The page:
Dating a schizoid
When they started dating these other people, they probably saw them as highly desirable and all good.Now that these relationships are over, these same people are all bad.This is definitely a reason to distance yourself from the person you’re dating.Narcissistic abuse is emotionally and psychologically damaging to their partners and most everyone they interact with.” – Catenya Mc Henry, a journalist who wrote the book “Married to a Narcissist“ “I find that people are very predictable.Past relationship history is key to understanding their behaviors, as is the way they talk about past partners.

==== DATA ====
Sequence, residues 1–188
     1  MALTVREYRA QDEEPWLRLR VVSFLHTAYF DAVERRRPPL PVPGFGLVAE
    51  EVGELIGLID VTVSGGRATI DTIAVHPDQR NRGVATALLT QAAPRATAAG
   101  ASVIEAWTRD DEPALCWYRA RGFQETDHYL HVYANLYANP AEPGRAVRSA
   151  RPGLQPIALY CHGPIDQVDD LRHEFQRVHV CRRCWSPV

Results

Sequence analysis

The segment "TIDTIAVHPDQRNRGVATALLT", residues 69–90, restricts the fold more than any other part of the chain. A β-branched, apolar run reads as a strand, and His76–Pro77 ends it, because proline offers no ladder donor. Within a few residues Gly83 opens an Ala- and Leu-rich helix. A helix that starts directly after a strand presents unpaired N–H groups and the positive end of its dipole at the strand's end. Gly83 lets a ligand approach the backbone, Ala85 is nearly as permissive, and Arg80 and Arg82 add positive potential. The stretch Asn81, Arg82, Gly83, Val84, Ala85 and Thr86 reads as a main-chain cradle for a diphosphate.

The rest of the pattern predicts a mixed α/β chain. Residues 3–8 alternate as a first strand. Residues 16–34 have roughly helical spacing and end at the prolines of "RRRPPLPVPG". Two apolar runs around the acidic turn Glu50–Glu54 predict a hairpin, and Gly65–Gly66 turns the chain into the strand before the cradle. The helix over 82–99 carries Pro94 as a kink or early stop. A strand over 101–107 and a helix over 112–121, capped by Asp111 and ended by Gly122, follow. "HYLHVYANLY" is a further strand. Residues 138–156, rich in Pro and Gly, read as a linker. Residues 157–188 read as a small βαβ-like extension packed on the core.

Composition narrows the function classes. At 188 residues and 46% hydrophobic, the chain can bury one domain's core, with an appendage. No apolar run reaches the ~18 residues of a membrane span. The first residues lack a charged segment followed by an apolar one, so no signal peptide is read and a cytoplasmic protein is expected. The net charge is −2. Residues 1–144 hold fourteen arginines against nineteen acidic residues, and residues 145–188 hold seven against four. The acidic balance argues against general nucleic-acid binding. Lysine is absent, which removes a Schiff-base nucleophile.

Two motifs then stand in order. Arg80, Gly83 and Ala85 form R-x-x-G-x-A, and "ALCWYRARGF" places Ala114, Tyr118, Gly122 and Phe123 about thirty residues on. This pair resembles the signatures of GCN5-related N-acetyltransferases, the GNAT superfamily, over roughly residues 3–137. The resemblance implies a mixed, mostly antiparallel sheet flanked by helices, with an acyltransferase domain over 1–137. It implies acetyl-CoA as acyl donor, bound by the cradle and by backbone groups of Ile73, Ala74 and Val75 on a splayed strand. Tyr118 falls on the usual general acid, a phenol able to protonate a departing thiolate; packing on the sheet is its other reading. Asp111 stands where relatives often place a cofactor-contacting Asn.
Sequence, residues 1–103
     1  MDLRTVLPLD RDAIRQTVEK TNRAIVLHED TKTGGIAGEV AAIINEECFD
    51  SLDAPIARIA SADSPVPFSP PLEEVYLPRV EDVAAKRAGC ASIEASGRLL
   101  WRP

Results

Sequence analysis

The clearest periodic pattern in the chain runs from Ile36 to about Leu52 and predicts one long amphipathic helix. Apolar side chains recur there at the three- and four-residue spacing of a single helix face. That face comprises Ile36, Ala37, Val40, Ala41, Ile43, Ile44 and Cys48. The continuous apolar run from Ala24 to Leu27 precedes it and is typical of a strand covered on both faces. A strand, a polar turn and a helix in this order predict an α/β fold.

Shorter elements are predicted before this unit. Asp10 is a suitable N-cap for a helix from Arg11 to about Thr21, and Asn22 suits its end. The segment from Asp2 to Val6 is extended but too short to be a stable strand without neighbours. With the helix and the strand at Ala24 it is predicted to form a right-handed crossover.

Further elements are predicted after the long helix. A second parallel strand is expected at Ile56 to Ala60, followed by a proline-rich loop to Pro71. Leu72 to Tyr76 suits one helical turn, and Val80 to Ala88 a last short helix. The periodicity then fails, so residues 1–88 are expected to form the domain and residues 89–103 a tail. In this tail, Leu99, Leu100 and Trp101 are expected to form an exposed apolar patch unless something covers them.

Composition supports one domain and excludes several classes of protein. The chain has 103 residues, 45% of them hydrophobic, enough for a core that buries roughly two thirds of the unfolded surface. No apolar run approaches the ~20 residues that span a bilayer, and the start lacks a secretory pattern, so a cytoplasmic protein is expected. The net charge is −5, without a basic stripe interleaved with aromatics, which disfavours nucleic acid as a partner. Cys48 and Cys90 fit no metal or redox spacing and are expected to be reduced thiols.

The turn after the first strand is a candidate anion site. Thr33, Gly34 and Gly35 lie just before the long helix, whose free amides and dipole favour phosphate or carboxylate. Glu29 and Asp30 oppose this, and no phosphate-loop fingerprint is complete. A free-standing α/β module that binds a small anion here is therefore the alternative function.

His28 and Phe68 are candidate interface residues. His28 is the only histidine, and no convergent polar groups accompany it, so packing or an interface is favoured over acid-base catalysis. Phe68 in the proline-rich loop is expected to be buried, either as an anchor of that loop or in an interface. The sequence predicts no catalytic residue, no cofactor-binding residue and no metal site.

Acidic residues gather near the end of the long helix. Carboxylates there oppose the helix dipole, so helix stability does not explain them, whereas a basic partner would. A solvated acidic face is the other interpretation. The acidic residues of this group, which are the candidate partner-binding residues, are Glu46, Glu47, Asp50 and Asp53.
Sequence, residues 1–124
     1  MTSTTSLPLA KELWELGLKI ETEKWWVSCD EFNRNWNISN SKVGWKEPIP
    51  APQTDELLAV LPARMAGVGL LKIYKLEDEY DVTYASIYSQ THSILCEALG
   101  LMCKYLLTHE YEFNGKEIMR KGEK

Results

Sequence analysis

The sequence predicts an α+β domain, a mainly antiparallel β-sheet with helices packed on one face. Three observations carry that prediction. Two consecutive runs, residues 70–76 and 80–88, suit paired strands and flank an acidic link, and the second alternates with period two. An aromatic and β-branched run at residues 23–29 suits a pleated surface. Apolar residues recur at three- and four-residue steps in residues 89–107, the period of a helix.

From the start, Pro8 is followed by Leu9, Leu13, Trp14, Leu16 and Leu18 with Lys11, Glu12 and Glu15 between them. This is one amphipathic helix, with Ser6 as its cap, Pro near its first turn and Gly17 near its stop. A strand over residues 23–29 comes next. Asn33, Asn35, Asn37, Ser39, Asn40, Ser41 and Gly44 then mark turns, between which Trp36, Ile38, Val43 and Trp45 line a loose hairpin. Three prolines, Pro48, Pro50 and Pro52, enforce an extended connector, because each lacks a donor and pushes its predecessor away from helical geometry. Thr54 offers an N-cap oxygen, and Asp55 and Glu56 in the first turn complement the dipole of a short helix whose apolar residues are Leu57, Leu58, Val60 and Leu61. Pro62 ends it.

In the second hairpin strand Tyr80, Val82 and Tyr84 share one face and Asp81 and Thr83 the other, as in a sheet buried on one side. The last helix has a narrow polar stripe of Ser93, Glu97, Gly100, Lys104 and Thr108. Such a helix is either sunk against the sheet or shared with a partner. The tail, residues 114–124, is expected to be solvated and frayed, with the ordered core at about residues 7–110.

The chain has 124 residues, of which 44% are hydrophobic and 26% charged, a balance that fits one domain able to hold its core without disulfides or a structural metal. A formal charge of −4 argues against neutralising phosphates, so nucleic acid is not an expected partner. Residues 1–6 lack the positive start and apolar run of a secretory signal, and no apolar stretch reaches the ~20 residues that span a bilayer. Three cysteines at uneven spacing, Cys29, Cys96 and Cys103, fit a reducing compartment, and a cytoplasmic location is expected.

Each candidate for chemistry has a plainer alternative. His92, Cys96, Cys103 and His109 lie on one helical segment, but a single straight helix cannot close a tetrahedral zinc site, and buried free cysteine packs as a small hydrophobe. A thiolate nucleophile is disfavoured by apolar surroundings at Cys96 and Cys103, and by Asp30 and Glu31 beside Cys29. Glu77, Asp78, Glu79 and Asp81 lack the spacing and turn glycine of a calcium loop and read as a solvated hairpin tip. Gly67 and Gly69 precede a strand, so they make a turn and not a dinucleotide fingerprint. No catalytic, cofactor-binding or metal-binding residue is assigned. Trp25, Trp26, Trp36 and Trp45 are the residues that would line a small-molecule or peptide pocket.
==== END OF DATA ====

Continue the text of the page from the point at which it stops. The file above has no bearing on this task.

“The mind is the most skilled Photoshopper – it can rationalise anything and paint any picture of anyone, depending on our initial perspective. Communication is key.” – Erika Ettin, a dating coach who founded the dating site A Little Nudge “When we see that somebody feels entitled to us doing more for them than what is equal in a relationship, that’s a huge red flag that they are someone who uses people. Or the person says, ‘Well, I can’t right now,’ when they’re not really that busy.“When people describe all of their exes as terrible people and put all the blame on them for the relationship’s failure, this is a red flag for me.It practically shouts: ‘I cannot take any responsibility for whatever went wrong. "The mind is the most skilled Photoshopper -- it can rationalise anything and paint any picture of anyone, depending on our initial perspective. Communication is key." -- Erika Ettin, a dating coach who founded the dating site A Little Nudge 3. "Run from anyone who attempts to cross a boundary that you have set." Examples: * "You have said you do not want to go further sexually and they insist." * "You say you are not available on Sunday, but they push you to see them." * "You are not ready to have them meet your family members or friends, but they push you." * "They push you to date exclusively before you are ready." * "They want to move in or get married or set up a bank account before you want." * "They try to change the way you wear your hair or your clothes or anything else about you that feels like 'you,' and it makes you uncomfortable." -- Lisa Aronson Fontes, a psychologist who wrote the book "Invisible Chains: Overcoming Coercive Control in Your Intimate Relationship" "When we see that somebody feels entitled to us doing more for them than what is equal in a relationship, that's a huge red flag that they are someone who uses people. Or the person says, 'Well, I can't right now,' when they're not really that busy. "If you find yourself justifying away what he does or says, even though these feel wrong in your gut, then that's a surefire red flag. "In a good relationship, a couple can and will talk through issues, listening to the other person's point of view and expressing his or her own. It's about expressing how something makes you feel and being heard. "I think [it shows] when we ask somebody for help because we're tired, or we're overwhelmed, or our plate is too full, and that person says, 'Yeah, I'll get to that,' and never does.But it’s a major red flag if you find yourself compromising on yourself or feeling uncomfortable.Business Insider asked eight relationship experts, many who specialise in helping people who have been in abusive relationships, about what they think are the major red flags.But sometimes, there will be signs that you shouldn’t take things further.Everyone has their own quirks and opinions, and someone who’s a bit different isn’t a reason to run for the hills.Rather than listening to your concern and apologising, they will manipulate and flip the conversation, telling you all the things you’ve done to hurt and upset them.“This scenario shows signs of narcissism, and things only get worse the more time you spend together.